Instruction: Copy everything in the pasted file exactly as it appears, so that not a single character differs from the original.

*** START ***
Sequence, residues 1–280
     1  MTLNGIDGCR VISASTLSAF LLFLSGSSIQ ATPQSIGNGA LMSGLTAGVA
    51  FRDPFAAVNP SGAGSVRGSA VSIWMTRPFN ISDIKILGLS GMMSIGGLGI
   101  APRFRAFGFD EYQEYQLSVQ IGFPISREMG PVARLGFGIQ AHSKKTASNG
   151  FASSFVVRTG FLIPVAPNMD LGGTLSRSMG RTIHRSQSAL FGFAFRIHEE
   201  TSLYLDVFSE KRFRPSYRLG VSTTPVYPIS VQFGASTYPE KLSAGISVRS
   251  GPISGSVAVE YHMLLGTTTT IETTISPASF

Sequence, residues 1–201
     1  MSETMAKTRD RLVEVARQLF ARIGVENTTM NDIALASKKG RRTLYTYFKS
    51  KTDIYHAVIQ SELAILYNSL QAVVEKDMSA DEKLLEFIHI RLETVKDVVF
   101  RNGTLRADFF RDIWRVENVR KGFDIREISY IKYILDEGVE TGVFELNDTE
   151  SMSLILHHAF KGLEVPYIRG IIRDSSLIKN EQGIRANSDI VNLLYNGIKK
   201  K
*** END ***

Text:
Sequence, residues 1–280
     1  MTLNGIDGCR VISASTLSAF LLFLSGSSIQ ATPQSIGNGA LMSGLTAGVA
    51  FRDPFAAVNP SGAGSVRGSA VSIWMTRPFN ISDIKILGLS GMMSIGGLGI
   101  APRFRAFGFD EYQEYQLSVQ IGFPISREMG PVARLGFGIQ AHSKKTASNG
   151  FASSFVVRTG FLIPVAPNMD LGGTLSRSMG RTIHRSQSAL FGFAFRIHEE
   201  TSLYLDVFSE KRFRPSYRLG VSTTPVYPIS VQFGASTYPE KLSAGISVRS
   251  GPISGSVAVE YHMLLGTTTT IETTISPASF

Sequence, residues 1–201
     1  MSETMAKTRD RLVEVARQLF ARIGVENTTM NDIALASKKG RRTLYTYFKS
    51  KTDIYHAVIQ SELAILYNSL QAVVEKDMSA DEKLLEFIHI RLETVKDVVF
   101  RNGTLRADFF RDIWRVENVR KGFDIREISY IKYILDEGVE TGVFELNDTE
   151  SMSLILHHAF KGLEVPYIRG IIRDSSLIKN EQGIRANSDI VNLLYNGIKK
   201  K